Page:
After a routine medical procedure, unforeseen complications and side effects could arise. Other times, a patient may suffer what is believed to be unnecessary pain while in the care of a Maryland doctor. In some instances, a doctor fails to diagnose a serious health condition. If any of these circumstances, grounds for a medical malpractice claim may exist.
An out-of-state hospital, its affiliates and three doctors were recently sued by the family of a 13-year girl who died due to a brain tumor that had gone undetected. For several months before her death in May 2016, the young teen complained repeatedly of experiencing nausea, migraines, vision problems and tongue numbness. These signs are considered classic pediatric brain tumor symptoms.
However, neither the emergency room doctors nor the pediatricians attending the girl performed any diagnostic brain imaging. She went to the emergency room on May 1, but doctors there did not arrange a CT brain scan until after the girl became unresponsive and stopped breathing twice, according to the claims in the lawsuit. By that point, the tumor was so big that the pressure caused all neurologic function to cease. Five days later, she was declared brain dead. A short time later, her life support was removed.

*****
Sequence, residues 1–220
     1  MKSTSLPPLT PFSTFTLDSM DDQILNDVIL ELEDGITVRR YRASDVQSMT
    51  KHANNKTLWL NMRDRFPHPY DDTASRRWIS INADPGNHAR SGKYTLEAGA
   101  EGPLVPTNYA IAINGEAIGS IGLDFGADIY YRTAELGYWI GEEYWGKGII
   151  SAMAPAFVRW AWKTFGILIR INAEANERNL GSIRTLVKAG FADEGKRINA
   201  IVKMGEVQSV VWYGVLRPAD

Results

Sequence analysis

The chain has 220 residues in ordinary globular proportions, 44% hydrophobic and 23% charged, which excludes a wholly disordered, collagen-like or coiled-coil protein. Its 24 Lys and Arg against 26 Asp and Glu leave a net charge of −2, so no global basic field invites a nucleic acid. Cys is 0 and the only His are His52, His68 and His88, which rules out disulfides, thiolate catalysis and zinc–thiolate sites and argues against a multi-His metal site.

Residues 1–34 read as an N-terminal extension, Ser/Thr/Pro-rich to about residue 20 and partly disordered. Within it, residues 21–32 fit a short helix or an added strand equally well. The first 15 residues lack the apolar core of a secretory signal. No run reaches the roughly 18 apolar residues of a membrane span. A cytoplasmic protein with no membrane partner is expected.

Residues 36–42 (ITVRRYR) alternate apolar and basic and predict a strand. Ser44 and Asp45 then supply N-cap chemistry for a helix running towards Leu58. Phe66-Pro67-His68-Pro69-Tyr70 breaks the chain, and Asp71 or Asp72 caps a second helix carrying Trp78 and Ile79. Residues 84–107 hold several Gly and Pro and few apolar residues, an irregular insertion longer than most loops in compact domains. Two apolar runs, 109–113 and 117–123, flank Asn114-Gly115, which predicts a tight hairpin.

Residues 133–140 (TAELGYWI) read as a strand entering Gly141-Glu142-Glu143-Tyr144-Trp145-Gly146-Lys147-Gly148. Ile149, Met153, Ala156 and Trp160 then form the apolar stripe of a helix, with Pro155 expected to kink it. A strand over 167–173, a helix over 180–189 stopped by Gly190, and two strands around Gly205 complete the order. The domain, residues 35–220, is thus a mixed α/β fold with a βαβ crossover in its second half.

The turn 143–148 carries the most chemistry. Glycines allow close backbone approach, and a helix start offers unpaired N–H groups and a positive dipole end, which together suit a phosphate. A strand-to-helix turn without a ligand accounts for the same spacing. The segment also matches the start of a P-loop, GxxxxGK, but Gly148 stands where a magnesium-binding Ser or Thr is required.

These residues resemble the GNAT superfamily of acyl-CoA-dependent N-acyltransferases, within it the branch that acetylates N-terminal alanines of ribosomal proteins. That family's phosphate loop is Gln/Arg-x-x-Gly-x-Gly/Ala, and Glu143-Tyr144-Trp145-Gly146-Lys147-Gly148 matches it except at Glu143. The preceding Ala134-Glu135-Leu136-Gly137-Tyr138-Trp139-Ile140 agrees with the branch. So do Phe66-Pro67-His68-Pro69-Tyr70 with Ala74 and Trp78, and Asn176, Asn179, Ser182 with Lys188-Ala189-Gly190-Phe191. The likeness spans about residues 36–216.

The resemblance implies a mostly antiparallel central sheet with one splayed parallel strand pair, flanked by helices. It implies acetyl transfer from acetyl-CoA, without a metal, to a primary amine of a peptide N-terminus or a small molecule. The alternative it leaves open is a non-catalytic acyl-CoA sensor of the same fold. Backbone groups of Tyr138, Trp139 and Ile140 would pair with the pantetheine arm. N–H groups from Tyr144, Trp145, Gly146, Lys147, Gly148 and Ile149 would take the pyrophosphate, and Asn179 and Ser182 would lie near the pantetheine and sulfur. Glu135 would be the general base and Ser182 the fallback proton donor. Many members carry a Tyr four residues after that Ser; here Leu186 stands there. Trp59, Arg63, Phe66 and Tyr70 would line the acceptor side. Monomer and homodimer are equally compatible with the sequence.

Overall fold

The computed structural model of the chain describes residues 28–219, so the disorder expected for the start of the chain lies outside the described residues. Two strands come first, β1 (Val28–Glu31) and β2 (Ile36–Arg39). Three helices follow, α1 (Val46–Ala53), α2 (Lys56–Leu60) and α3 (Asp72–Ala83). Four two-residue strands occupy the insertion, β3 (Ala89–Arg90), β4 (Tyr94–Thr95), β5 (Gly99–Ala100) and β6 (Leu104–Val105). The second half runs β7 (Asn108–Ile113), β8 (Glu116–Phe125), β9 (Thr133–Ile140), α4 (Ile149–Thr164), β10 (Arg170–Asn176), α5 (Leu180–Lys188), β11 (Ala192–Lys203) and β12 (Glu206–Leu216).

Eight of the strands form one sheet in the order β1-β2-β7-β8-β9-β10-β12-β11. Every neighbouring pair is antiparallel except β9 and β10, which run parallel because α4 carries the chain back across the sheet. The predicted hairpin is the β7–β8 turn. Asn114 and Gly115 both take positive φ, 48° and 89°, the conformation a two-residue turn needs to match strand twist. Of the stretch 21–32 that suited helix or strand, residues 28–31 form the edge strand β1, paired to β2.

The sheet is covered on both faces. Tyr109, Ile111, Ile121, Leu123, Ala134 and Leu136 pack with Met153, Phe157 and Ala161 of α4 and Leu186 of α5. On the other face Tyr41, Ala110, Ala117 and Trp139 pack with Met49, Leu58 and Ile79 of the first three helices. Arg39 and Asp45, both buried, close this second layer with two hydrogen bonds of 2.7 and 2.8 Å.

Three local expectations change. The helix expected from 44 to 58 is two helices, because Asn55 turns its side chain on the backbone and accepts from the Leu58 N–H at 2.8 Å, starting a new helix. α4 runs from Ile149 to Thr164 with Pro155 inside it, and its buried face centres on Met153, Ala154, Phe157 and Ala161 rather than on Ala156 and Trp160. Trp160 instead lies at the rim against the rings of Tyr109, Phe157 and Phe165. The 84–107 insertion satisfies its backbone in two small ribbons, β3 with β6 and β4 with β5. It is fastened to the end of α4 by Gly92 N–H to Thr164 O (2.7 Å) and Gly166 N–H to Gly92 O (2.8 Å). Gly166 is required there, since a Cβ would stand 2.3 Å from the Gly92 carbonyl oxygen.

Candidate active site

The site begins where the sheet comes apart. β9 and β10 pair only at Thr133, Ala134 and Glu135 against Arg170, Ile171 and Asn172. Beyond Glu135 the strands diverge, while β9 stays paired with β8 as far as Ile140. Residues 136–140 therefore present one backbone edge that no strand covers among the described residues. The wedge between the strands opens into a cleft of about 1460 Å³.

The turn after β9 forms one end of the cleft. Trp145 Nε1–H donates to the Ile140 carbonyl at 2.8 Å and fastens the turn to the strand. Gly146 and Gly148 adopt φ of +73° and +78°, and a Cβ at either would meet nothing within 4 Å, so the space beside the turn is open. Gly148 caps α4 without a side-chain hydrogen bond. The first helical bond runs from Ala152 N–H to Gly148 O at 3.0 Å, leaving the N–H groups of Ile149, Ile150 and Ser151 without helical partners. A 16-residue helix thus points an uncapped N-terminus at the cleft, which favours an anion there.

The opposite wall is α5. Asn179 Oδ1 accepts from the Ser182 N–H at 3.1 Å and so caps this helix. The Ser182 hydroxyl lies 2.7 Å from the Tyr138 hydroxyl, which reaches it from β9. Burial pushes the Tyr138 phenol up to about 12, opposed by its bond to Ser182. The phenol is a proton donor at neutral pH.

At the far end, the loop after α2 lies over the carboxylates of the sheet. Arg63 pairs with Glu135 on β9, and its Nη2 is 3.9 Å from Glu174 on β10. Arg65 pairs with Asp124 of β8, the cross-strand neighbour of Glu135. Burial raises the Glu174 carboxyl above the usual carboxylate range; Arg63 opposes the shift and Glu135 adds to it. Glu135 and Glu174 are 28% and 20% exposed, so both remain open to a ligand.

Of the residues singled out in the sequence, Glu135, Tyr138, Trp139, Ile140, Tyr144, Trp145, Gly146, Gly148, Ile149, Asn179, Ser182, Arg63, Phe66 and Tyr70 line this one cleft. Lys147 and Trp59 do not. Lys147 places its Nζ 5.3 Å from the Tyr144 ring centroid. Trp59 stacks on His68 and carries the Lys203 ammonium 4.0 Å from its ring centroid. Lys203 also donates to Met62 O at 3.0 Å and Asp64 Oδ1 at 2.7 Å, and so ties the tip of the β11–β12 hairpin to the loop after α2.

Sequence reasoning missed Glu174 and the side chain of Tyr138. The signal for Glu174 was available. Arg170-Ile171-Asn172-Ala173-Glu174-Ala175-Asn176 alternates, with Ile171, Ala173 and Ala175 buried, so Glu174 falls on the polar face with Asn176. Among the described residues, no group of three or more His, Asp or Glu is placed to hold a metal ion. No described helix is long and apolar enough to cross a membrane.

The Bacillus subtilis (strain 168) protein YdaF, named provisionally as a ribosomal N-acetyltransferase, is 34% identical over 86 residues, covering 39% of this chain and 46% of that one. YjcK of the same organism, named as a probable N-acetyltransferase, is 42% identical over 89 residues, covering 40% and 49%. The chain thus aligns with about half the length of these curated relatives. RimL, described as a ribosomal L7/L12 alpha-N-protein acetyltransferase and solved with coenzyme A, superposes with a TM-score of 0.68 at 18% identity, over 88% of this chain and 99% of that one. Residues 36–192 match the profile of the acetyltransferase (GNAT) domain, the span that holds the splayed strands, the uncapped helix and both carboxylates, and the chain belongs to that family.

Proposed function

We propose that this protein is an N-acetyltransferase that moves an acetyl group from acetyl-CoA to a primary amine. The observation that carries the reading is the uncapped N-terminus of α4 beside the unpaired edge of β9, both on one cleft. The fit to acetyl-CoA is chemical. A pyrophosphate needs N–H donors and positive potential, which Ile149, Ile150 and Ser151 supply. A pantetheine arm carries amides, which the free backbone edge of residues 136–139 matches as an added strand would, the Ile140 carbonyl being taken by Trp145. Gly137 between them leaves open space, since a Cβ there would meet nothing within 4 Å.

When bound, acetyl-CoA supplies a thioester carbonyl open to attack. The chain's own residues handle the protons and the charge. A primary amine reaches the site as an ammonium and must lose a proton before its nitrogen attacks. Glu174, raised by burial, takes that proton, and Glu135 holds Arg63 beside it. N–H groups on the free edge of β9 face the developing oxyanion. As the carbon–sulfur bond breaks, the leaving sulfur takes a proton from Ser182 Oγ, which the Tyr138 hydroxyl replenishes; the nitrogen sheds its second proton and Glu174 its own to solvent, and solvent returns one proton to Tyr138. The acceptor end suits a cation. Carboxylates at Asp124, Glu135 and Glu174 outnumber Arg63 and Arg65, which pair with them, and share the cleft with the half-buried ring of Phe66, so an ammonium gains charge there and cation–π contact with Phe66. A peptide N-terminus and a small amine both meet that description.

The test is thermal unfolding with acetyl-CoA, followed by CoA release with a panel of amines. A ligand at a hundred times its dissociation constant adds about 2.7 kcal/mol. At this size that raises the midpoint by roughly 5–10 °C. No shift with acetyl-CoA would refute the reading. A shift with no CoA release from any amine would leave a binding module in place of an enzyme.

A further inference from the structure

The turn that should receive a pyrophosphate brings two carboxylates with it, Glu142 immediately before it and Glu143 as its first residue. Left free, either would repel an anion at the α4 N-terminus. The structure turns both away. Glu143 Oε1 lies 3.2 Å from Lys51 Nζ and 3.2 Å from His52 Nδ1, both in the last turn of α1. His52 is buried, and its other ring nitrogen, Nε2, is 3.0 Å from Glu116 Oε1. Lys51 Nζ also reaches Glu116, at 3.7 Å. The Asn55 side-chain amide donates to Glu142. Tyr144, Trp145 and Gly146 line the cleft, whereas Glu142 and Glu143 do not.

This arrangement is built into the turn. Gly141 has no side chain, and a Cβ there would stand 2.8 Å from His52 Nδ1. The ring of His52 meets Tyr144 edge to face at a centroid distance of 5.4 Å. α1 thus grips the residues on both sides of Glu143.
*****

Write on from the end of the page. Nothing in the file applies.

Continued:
A medical professional or the care facility they are employed by can be held liable for medical malpractice that was due to improper treatment, a flawed diagnosis or even the treatment of a patient without receiving the proper permission. Successfully navigated, the claim may result in an award for financial relief that may help with the cost of medical bills, lost wages, or in the event of the patient’s death, funeral costs and related monetary damage. An experienced Maryland attorney is typically consulted to assess whether a medical malpractice claim is appropriate under the circumstances.
Source: concordmonitor.com, “Family of Molly Banzhoff sues Concord Hospital, alleging medical negligence“, Ella Nilsen, Jan. 16, 2017